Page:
George I, exasperated by Peter’s wild ways, put him under the care of the medical doctor John Arbuthnot to be taught to speak ‘and made a sociable creature’. Dr Arbuthnot is another of the figures depicted in William Kent’s staircase paintings at Kensington Palace. He gave Peter daily lessons, but progress was slow as the Wild Boy had ‘a natural tendency to get away if not held by his coat’.

Peter did indeed learn to ‘utter after his tutor words of one syllable’. But he would never really engage with other people through language. Dr Arbuthnot had Peter baptised nevertheless, just in case he did have a soul.

Illustration from Wonderful Characters (1821) by Henry Wilson.

Even with the advantage of hindsight, it’s not exactly clear what Peter’s condition was. It is likely that he was autistic, and it’s been argued that he had Pitt-Hopkins syndrome. This condition would explain his learning difficulties and the remarkable Cupid’s-bow shape to his upper lip. Perhaps Peter was abandoned in the woods in the first place by a mother who considered him damaged or defective.

Eventually the courtiers grew bored with him, and Peter was sent to live in retirement on Broadway Farm near Berkhamsted in Hertfordshire. There he lived a long and quiet life, remaining ‘exceedingly timid and gentle in his nature’, fond of gin, and of onions. He liked to watch a fire burn, and loved ‘to be out on a starry night’. In autumn he would still show ‘a strange fondness for stealing away into the woods’ to feed upon acorns.

Peter constantly visited by the curious, including the novelist Maria Edgeworth, who commented that in old age he looked just like a bust of Socrates. He was in some measure loved by the farming families who looked after him. After the sudden death of his last carer, Farmer Brill, Peter ‘refused food, pined away, and died in a few days’. It was 22 February 1785.

I have visited his grave in the churchyard of St Mary’s, Northchurch, near Berkhamsted, which is often laid with flowers by an unknown person. When I asked a member of the congregation if she knew who places the bouquets, I was moved by her answer.

‘We’ve no idea who leaves the flowers’, she said, ‘but it must be someone who thinks that Peter should be remembered’. And so he should be.

Peter's grave in the churchyard of St Mary’s, Northchurch, near Berkhamsted.



Lucy Worsley is Chief Curator at the charity Historic Royal Palaces, which opens the unoccupied royal palaces of London including The Tower of London, Hampton Court and Kensington Palace to 3.2 million visitors a year. Her book Courtiers: The Secret History of the Georgian Court was published by Faber and Faber in 2011. She has also presented a BBC television series on the topic of her new book If Walls Could Talk, An Intimate History of the Home (Walker Books, 2012). Please visit her website.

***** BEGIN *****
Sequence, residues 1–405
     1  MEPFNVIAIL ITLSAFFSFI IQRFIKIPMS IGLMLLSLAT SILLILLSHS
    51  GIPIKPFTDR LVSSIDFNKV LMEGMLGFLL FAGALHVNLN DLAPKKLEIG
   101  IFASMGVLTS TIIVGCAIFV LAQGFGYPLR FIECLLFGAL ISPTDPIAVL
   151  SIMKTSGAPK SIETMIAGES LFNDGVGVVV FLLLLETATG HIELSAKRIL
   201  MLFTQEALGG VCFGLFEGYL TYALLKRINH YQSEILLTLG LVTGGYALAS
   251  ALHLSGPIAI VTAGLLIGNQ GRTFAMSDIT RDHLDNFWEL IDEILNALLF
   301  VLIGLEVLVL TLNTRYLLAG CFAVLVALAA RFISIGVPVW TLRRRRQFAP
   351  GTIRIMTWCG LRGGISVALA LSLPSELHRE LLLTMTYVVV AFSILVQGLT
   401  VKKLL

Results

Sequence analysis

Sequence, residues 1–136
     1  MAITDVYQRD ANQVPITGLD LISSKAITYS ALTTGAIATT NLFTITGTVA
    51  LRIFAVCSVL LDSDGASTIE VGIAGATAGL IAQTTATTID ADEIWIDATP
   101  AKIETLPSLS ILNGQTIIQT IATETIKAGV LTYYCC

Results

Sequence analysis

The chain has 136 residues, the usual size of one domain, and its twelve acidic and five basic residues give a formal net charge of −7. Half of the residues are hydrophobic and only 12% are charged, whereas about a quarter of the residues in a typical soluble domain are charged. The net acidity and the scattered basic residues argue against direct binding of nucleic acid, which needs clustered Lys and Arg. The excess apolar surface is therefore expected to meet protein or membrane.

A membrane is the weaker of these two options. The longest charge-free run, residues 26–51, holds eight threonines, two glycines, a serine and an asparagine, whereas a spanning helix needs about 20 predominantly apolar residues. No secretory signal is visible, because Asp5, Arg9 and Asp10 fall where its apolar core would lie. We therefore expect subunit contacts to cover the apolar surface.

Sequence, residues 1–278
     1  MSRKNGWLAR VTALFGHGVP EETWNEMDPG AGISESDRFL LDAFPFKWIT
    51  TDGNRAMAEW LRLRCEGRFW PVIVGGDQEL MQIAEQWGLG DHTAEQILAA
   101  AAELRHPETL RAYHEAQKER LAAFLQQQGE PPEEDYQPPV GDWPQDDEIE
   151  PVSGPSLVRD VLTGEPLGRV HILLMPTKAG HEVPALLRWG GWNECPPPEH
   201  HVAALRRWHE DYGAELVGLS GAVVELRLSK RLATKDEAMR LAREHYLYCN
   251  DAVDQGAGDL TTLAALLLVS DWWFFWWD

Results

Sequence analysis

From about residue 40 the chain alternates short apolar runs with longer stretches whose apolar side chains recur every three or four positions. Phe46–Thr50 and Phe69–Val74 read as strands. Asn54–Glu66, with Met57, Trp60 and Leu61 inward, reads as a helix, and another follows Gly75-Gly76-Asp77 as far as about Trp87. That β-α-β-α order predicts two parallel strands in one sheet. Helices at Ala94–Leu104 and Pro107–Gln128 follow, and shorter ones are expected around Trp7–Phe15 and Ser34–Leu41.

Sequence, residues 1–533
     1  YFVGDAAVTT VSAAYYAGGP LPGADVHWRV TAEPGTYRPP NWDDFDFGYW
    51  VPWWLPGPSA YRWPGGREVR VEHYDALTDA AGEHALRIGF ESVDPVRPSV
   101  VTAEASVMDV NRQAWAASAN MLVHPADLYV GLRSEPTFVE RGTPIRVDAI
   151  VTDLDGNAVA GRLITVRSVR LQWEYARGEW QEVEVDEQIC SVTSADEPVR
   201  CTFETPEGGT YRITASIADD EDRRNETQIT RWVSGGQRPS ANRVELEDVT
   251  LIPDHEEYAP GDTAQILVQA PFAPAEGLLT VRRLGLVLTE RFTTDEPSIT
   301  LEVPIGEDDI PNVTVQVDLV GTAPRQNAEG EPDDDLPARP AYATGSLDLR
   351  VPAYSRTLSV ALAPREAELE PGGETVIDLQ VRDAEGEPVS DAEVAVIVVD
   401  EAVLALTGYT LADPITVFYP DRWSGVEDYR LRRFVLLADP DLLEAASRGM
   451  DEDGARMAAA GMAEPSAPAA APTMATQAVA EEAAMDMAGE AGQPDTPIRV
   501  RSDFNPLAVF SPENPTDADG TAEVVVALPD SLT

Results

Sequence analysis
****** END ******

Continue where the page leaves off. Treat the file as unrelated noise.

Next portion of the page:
Links to Works


Source: http://publicdomainreview.org/2011/11/07/peter-the-wild-boy/


The attitudes of animals in motion, illustrated with the zoopraxiscope (1882)

Friday 4 November 2011 at 11:37


The Attitudes of Animals in Motion, Illustrated with the Zoopraxiscope, by Eadweard Muybridge; 1882; W.M.Clowes and Sons, London.

Published lecture given by the pioneering photographer Eadweard Muybridge on March 13th 1882 at the Royal Institution in London in front of a sell out audience that included members of the Royal Family, notably the future King Edward VII. He displayed his photographs on screen and described his zoopraxiscope, a device for projecting motion pictures that pre-dated the flexible perforated film strip.



Open Library link



Letters From a Cat (1879)

Castaway on the Auckland Isles: A Narrative of the Wreck of the "Grafton," (1865)


Infant's Cabinet of Birds and Beasts (1820)

Old French Fairytales (1920)

Armata: a fragment (1817)

An Account of the Late Improvements in Galvanism (1803)

The Medical Aspects of Death, and the Medical Aspects of the Human Mind (1852)

Quarles' Emblems (1886)

Cat and bird stories from the "Spectator" (1896)

Wonderful Balloon Ascents (1870)

The Book of Topiary (1904)

The Adventures of Louis de Rougemont (1899)

English as She is Spoke (1884)

The Danger of Premature Interment (1816)

The Last American (1889)

Pirates (1922)

Napoleon's Oraculum (1839)

Horse Laughs (1891)

Hydriotaphia/Urn-Burial and The Garden of Cyrus (1658)

Across the Zodiac: the Story of a Wrecked Record (1880)

Superstitions About Animals (1904)

The Diary of a Nobody (1919 edition)

The Attitudes of Animals in Motion, Illustrated with the Zoopraxiscope (1882)